A collection of exotic reptiles is the last thing you might expect to find at a Scarborough holiday park.
But an unsuspecting-looking outbuilding at Pinewood Park off Racecourse Road is home to an amazing collection of creatures - including a 13ft albino Burmese python.
The menagerie belongs to 20-year-old reptile enthusiast Jordan Woodhead, whose parents own the park.
Jordan was hoping to open the reptile house as an attraction for holidaymakers and members of the public, but due to zoo licensing laws, he has been left unable to do so.
The law states that a licence is required if you’re displaying wild animals to the public for at least seven days a year, in any place that’s not a circus or pet shop.
Jordan has found himself in between licences as some of his animals are classed as “hazardous” - and the next step up is the licence that large attractions like the Sea Life have, which is beyond Jordan’s reach.
He said: “I wanted to try and make a business out of what I love doing, but the next level up on the licensing process was a step too much.”
However, despite the blow, Jordan remains philosophical and will keep some of his favourite creatures, while others will be found suitable new homes.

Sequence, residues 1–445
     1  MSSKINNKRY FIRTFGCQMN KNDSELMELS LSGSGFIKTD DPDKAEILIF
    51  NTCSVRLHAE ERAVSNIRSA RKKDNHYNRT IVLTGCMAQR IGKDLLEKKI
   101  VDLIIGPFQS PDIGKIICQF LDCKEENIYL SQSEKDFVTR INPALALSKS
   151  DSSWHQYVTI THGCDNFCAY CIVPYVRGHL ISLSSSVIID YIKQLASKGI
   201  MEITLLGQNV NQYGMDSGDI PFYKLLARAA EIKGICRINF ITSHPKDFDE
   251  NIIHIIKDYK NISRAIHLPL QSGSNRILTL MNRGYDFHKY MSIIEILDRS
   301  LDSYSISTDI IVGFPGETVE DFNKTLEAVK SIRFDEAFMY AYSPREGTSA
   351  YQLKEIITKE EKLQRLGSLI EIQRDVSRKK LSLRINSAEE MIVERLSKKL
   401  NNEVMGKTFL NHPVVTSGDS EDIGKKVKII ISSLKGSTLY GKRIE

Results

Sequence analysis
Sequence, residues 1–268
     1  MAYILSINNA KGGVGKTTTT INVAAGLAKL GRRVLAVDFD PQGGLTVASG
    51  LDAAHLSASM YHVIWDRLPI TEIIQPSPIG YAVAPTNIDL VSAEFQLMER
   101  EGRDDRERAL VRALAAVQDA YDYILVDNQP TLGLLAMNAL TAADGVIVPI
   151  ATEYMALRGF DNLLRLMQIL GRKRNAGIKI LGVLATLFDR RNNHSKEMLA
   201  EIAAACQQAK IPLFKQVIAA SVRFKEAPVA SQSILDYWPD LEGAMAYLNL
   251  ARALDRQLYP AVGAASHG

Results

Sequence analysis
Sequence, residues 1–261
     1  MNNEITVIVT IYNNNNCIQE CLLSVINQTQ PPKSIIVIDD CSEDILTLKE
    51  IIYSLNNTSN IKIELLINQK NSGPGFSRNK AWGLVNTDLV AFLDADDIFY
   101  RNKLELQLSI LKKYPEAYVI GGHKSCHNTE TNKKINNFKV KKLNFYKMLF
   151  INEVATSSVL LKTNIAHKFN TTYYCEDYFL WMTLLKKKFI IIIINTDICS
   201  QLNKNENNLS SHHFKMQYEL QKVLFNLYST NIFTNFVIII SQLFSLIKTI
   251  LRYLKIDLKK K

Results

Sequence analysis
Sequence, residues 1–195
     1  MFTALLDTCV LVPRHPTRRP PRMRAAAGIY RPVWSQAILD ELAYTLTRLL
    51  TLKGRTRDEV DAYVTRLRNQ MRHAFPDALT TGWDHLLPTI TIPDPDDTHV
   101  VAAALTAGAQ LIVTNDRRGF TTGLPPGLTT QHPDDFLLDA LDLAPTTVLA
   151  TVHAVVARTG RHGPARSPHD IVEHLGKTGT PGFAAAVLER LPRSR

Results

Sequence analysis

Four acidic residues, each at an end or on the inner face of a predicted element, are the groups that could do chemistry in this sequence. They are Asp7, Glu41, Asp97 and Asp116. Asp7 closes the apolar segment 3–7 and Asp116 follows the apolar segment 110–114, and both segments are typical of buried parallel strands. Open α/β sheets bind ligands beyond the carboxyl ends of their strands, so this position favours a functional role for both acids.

Those set to stay in his collection include a dwarf caiman, a Nile monitor, a snapping turtle known as “Big Al” and two reticulated pythons.
Jordan said: “It’s quite hard to find responsible homes, especially for reptiles.
“People are sometimes attracted to owning a big reptile, as they might seem like a good pet, but then when they need an eight foot enclosure it doesn’t seem as good.”
Jordan got his first reptile at the age of nine and has built up his collection - and knowledge - over the years.
He said: “I’ve just always loved them. There’s nothing else quite like them - they’re fascinating.
“There is an element of danger, but I take precautions and the risk is worth it to me. It’s about knowing their personality and body language.
“They’ve got a lot of character, especially lizards and crocodiles.”
Jordan is in the process of training his dwarf caiman - called Lucy - after reading about a keeper training one in India to perform up to 30 commands.
He is hoping his knowledge and experience will lead to his dream job working with animals - especially crocodiles.